Law and Conversation

April 25, 2011

Read This: Anthony Trollope

Until just a few years ago, I’d read nothing by the 19th century British novelist, Anthony Trollope, and was under the impression that he was a bit of a second-rate writer. Why read Trollope when there are Dickens and Eliot novels I still haven’t read, I thought?

I’m delighted to report I was mistaken. Far from an also-ran, Trollope is a delightful writer, and his work provides a vivid picture of 19th-century English society.

Trollope is best known for two series:  The Barsetshire Chronicles, starting with “The Warden” and centering on England’s ecclesiastical class, and the Palliser series, starting with “Can You Forgive Her?” and focusing on Parliament and British politics. The BBC made both into TV series, which I haven’t watched but which remain very popular on both sides of the Atlantic.

Well-crafted though both series are, many think a standalone novel, “The Way We Live Now,” is Trollope’s greatest work. Though I’m enjoying this 800-page, hundred-chapter brick as much as the other Trollope novels I’ve read, I put it aside the first time I started it. What bothered me was the anti-Semitism Trollope expresses in some of his description and some of his characters’ dialogue, so casual as to take one’s breath away.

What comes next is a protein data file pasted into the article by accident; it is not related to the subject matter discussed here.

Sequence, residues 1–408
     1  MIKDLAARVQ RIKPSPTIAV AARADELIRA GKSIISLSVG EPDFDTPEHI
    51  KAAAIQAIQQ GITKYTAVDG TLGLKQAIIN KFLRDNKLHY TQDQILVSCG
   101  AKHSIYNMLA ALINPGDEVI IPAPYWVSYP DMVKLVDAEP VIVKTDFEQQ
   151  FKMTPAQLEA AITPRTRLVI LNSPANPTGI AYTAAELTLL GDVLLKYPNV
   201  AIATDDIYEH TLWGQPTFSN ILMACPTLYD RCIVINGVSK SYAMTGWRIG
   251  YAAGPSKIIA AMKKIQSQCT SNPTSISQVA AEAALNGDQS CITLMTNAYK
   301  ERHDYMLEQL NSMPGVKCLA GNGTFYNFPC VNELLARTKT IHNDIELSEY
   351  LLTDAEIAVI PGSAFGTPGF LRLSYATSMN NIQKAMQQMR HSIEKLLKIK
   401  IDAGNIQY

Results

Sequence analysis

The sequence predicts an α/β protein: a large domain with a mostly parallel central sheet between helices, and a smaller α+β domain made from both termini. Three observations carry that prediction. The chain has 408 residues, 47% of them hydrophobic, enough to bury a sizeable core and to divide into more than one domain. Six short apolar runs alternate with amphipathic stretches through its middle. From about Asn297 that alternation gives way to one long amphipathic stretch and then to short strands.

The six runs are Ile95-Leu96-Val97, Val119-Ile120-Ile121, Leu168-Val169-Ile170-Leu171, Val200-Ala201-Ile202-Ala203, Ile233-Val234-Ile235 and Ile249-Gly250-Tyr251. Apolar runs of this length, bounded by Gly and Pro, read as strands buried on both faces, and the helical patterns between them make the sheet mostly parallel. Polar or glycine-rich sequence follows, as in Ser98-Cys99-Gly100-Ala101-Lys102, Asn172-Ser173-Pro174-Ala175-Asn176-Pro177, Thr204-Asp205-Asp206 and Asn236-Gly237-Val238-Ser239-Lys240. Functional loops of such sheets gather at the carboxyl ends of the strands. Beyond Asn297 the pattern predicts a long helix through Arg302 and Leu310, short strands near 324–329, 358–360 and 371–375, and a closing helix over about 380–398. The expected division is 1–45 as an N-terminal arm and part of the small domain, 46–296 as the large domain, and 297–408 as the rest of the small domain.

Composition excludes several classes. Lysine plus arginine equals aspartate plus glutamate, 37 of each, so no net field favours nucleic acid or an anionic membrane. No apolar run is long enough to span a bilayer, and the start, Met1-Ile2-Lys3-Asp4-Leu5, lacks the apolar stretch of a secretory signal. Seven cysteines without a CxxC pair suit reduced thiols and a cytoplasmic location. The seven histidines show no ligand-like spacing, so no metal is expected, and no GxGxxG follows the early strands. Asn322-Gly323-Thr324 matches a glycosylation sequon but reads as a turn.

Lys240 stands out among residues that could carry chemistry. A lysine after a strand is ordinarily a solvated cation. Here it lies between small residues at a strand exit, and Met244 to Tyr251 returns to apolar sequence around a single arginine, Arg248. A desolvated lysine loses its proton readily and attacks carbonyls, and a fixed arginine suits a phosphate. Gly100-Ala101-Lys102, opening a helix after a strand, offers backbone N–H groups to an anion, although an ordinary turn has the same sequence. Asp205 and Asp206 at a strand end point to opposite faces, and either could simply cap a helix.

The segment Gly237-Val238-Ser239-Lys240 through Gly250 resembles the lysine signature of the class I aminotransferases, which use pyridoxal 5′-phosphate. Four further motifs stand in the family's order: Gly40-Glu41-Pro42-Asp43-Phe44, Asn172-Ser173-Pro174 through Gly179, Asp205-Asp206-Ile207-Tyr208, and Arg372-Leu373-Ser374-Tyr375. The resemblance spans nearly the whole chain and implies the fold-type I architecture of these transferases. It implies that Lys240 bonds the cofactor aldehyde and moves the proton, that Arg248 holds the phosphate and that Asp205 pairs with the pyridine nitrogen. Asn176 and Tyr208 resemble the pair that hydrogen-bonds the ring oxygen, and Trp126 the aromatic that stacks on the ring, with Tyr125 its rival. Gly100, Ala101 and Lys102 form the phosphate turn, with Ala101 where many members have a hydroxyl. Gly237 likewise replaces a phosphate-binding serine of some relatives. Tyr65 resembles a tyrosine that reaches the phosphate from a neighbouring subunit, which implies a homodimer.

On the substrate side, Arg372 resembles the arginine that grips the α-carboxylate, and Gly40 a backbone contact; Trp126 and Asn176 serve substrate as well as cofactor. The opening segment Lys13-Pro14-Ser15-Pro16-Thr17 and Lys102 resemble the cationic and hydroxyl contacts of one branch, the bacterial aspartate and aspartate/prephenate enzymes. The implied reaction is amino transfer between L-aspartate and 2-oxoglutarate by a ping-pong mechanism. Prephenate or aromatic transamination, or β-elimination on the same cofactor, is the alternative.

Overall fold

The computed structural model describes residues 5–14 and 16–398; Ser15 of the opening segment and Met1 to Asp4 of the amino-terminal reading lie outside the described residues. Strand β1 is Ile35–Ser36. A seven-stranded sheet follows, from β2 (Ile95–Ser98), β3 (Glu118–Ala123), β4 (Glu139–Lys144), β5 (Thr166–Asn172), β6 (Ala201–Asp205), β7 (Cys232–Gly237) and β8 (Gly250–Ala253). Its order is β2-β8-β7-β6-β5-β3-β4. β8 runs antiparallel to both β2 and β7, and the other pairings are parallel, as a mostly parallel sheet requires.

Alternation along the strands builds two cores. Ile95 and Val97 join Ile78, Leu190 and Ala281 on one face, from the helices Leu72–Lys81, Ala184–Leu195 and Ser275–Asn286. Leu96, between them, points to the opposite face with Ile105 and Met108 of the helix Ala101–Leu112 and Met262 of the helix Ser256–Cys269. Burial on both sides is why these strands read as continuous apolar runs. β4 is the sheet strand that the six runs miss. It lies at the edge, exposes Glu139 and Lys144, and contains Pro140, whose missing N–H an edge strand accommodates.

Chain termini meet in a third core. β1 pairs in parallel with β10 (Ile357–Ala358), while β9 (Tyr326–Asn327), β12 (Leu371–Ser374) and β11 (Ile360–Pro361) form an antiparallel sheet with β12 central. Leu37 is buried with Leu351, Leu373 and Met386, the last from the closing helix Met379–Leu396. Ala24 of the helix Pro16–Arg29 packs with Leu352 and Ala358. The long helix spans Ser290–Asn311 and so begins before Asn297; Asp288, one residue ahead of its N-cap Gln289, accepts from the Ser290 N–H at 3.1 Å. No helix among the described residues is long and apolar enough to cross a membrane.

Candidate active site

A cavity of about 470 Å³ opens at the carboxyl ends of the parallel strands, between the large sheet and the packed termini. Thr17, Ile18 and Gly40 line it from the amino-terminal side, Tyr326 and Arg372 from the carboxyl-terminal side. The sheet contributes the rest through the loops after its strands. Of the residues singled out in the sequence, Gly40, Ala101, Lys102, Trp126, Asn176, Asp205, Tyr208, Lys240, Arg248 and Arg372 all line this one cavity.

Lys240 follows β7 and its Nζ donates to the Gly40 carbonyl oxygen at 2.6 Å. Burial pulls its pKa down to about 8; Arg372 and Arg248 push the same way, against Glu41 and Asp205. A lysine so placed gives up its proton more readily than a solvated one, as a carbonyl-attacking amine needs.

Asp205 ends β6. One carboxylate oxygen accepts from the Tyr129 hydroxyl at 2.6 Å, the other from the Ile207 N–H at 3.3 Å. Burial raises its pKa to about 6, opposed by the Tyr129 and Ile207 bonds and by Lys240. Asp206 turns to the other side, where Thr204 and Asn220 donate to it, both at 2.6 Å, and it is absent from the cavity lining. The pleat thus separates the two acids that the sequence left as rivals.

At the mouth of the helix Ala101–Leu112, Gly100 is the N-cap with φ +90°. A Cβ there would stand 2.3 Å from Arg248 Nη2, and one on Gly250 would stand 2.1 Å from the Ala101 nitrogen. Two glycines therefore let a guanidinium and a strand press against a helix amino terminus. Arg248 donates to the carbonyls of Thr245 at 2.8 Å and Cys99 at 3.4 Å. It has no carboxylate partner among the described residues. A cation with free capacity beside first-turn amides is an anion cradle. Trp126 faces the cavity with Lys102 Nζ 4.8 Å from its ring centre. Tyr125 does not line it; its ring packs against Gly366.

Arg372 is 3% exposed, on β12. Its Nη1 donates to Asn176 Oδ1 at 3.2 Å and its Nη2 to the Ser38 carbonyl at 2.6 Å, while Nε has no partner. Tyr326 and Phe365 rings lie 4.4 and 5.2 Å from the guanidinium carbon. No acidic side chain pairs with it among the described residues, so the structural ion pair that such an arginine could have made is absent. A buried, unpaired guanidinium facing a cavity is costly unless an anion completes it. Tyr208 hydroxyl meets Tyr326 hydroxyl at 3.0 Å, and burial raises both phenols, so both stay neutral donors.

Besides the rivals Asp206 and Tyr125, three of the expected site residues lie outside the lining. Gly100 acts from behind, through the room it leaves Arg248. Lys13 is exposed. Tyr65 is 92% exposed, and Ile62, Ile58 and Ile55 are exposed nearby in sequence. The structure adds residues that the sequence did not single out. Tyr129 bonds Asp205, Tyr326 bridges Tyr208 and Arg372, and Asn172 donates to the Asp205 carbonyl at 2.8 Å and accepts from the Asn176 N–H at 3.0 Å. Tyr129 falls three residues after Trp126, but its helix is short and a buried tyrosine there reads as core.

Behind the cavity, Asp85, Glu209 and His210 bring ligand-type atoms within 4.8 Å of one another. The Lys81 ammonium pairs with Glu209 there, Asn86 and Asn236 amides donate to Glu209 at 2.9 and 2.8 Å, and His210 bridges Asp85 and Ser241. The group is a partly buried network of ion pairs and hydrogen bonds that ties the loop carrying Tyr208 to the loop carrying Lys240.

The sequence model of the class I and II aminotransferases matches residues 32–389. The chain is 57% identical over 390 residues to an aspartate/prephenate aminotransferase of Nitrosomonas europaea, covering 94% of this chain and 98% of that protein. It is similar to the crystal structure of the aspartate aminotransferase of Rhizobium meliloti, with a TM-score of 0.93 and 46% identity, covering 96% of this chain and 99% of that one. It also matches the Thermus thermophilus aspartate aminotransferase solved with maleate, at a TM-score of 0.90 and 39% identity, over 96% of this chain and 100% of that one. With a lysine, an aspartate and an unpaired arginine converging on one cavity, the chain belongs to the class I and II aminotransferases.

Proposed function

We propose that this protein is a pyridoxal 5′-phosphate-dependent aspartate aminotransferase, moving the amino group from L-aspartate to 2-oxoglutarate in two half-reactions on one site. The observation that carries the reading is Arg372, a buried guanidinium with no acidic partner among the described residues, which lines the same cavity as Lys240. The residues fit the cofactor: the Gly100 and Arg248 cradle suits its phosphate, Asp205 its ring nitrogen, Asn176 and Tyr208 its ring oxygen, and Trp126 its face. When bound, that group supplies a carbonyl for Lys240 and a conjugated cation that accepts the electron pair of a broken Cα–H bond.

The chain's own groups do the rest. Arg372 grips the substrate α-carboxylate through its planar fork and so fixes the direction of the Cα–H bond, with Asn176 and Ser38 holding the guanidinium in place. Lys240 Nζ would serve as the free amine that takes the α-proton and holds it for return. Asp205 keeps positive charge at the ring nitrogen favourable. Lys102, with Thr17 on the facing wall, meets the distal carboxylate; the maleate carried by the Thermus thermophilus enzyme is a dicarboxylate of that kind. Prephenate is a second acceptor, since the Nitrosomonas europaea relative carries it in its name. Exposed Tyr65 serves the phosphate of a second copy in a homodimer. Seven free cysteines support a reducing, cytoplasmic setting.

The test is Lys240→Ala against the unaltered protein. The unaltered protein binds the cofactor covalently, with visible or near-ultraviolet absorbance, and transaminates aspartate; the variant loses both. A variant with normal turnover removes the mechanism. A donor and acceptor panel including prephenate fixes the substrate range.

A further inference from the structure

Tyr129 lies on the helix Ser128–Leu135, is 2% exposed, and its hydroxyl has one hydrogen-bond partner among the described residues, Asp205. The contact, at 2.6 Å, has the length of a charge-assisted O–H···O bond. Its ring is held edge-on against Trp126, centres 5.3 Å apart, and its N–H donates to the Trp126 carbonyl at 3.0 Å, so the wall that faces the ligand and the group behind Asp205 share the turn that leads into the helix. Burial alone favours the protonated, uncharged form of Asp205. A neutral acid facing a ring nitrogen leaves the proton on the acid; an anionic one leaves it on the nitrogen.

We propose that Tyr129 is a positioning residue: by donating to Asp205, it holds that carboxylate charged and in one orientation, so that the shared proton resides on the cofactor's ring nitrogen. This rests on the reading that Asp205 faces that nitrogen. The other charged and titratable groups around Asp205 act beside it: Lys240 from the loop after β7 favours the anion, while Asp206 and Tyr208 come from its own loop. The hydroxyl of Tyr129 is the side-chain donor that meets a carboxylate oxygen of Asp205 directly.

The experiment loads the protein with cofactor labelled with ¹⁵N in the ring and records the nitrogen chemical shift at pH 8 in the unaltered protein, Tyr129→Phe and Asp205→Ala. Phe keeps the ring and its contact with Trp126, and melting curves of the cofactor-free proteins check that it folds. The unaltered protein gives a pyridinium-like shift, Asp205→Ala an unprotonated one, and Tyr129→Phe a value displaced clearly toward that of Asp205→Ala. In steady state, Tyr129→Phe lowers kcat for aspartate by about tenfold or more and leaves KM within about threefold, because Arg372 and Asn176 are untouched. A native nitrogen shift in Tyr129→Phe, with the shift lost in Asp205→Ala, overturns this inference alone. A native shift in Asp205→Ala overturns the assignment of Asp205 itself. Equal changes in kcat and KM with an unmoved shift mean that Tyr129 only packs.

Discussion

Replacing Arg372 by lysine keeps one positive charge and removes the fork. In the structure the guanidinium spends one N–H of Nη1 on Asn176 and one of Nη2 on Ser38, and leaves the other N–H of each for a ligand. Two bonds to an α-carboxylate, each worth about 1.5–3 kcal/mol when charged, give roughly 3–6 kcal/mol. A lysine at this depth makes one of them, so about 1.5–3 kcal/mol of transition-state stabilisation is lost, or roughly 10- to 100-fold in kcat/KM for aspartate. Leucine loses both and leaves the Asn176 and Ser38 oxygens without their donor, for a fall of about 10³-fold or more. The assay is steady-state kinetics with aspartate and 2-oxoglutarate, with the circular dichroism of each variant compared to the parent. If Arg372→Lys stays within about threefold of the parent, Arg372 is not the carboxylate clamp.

I suppose some might condemn Trollope for this, and some might think publishing a revised edition of the book that amends or deletes the anti-Semitic remarks (as a recent edition of Mark Twain’s “Huckleberry Finn” bowdlerizes the n-word) would be appropriate. I wouldn’t agree with either.

Though I’m not a Trollope scholar, I suspect that he was a product of his times. His books, as well as those of Dickens (who includes some anti-Semitic characterizations of his own in, for example, “Great Expectations”), bear out that anti-Semitism was, indeed, so casual as to be taken for granted in English society of the 19th century. The audiences for whom Trollope and Dickens wrote wouldn’t have seen anything extraordinary about those characterizations; in that day, that language was realistic for those characters and narrators, and their readership, I’m guessing, might have made or snickered at similar comments without seeing anything wrong. Trollope and Dickens, not to mention Twain, gave us not only great stories but also valuable historical pictures of life as it was, warts and all, during their lifetimes.

That, it seems to me, is a valuable lesson for us today. Though prejudices haven’t exactly disappeared, it’s now generally recognized that disrespectful comments about people’s culture and ancestry are not funny and not cool–and in some contexts, most notably the workplace, can lead to legal liability. With all the imperfections of 21st-century life, some things have improved.

Speaking of England, since it was Easter yesterday it seems like a good opportunity to call attention to a wonderful exhibit at Bath Abbey.  Artist Sue Symons uses exquisite embroidery and calligraphy to depict the story of Jesus’s life in her diptychswhich you can view online.